Craig situates himself as a poststructuralist who does not accept “the dream of objectivity or objective truth”, but nevertheless deems it “both important and useful to appeal to intersubjective verification (of the sort we see in the work of the American pragmatists)…” The problem is that the “intersubjective verification” described in this post sounds, to my ears, almost exactly like the old-fashioned empiricism that poststructuralists are (rightly) supposed to be rejecting. As it is applied in this particular context, “intersubjective verification” seems to be little more than a fancy way of maintaining the empiricist’s fact-value distinction: “intersubjective verification” is something we can reach about empirically verifiable facts, but not about those silly insubstantial value judgements.

The basic problem with such an approach, for Craig as for the empiricists, is that such a standard of intersubjective verification is itself a value judgement of exactly the kind that it urges we avoid. The problem may be best captured by repeating one of the post’s last statements: “I think we should attempt to avoid using praiseworthy or pejorative evaluative terms, as well as ‘should’ statements about our objects of study.”

Notice something amiss here? Continue reading

The power of a beautiful temple


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We think these days a lot about Buddhist ethics, which often involves some thought about Buddhist politics. We tend to think a lot less about Buddhist aesthetics.

Now there’s an obvious explanation that could be given for this: the Buddhist dhamma teaches that worldly pleasures mire us in suffering. So aesthetics, insofar as it deals with pleasurable phenomena like art, is something Buddhists should avoid. In response I give you this:

Temple of the Emerald Buddha, Bangkok

Continue reading

Of superstition and aesthetics


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While I was working in Thailand as a young man, my closest friend there was a pious Christian who had recently converted, as an undergraduate. He took a short vacation in Malaysia and came back deeply admiring the (Muslim) Malay people he met, saying: “They’re so religious!”

I noted, “The Thais are very religious too.” He exclaimed – “But that’s just – superstition!

I was nonplussed by that reaction and didn’t answer it, because it left my secular self a bit confused: I hadn’t really thought there was a difference between religion and superstition. That seemed a potentially inflammatory point to make, so I left it silent. But I certainly didn’t agree with him. I was already admiring the Thai Buddhists I met, and would soon come to learn my most important life lesson from the Buddhism I found in Thailand. I would never want to dismiss it as mere superstition.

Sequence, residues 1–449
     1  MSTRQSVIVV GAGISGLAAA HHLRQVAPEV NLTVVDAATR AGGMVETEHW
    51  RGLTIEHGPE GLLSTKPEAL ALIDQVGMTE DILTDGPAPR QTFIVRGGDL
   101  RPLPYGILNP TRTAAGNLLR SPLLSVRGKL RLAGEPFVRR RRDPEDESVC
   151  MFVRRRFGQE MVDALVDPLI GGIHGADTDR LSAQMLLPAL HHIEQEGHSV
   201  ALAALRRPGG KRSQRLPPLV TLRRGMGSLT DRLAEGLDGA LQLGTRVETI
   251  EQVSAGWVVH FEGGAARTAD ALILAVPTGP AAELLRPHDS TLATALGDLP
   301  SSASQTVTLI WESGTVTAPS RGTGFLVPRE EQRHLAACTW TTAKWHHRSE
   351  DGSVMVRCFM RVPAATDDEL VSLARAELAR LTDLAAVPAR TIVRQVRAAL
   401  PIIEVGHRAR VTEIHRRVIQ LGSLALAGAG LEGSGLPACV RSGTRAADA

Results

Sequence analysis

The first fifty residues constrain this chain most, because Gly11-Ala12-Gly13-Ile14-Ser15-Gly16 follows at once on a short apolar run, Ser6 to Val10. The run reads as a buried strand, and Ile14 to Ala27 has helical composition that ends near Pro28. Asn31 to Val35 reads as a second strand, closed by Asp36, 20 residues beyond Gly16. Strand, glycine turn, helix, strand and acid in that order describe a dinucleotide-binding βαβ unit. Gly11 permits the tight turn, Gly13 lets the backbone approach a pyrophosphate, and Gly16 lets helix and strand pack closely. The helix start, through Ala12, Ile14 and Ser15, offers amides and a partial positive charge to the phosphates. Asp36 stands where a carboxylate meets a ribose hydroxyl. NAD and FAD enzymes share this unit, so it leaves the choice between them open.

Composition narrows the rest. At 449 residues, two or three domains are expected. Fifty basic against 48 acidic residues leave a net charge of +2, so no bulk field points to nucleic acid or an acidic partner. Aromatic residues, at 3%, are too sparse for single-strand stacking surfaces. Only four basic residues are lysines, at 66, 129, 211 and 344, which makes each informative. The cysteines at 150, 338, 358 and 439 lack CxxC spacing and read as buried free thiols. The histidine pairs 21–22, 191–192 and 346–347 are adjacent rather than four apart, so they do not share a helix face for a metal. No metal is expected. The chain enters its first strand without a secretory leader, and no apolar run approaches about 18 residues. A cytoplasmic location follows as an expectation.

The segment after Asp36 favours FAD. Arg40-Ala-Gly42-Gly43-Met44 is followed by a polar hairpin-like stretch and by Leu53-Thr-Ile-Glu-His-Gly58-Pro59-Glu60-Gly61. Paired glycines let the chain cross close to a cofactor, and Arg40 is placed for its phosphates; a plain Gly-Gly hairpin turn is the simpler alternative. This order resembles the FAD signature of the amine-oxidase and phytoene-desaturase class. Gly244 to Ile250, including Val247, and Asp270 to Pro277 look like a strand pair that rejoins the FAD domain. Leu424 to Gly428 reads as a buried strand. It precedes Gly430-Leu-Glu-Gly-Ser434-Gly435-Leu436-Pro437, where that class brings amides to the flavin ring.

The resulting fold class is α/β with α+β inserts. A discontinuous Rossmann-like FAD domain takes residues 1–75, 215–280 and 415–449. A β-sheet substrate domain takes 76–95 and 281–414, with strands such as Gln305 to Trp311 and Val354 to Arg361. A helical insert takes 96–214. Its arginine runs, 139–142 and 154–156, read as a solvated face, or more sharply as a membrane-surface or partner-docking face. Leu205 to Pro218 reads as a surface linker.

Until, perhaps, I recently started reading the works of Justin McDaniel. Continue reading

Rejecting certainty


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I struggle with the Buddhist concept of non-self. I am not sure whether I accept it. But I am confident that Buddhists are able to demolish one of the more influential Western accounts of the self, that of René Descartes.

Descartes, recall, is worried that he cannot be certain of anything. Like Plato before him, he knows his senses are often wrong; he could be dreaming, he could be in the Matrix. Unlike Plato, he is not satisfied to take even mathematics as a certain foundation. It could be that an evil demon (or the creators of the Matrix) had deceived him such that there was no shape or place, and the real world was far stranger. Geometry isn’t certain enough. Arithmetic? Here he comes to real uncertainty:

I sometimes think that others go wrong even when they think they have the most perfect knowledge; so how do I know that I myself don’t go wrong every time I add two and three or count the sides of a square?

I think Descartes’s reasoning is right up to this point (as many Buddhists would not). Continue reading

Is it morally wrong to eat your dead dog?


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Jonathan Haidt opens his The Righteous Mind with two hypothetical examples, “thought experiments” as analytic philosophers would say:

A family’s dog was killed by a car in front of their house. They had heard that dog meat was delicious, so they cut up the dog’s body and cooked it and ate it for dinner. Nobody saw them do this.


A man goes to the supermarket once a week and buys a chicken. But before cooking the chicken, he has sexual intercourse with it. Then he cooks it and eats it.

Haidt asks us: Did the people in either of these cases do something morally wrong? My reaction was, and is, to say yes in the first case but not the second. Continue reading

Farewell to “Yavanayāna”


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Late last year I was delighted to see a post from Richard Payne retracting his earlier post on “White Buddhism”, motivated at least in part by my critique. It is all too rare to see a human being change his or her mind, especially on politically charged issues where passions run high and it is all too easy to develop attachment to views. I commend and thank Payne for his thoughtful retraction. On my end, he has provoked me to make a retraction of my own. Continue reading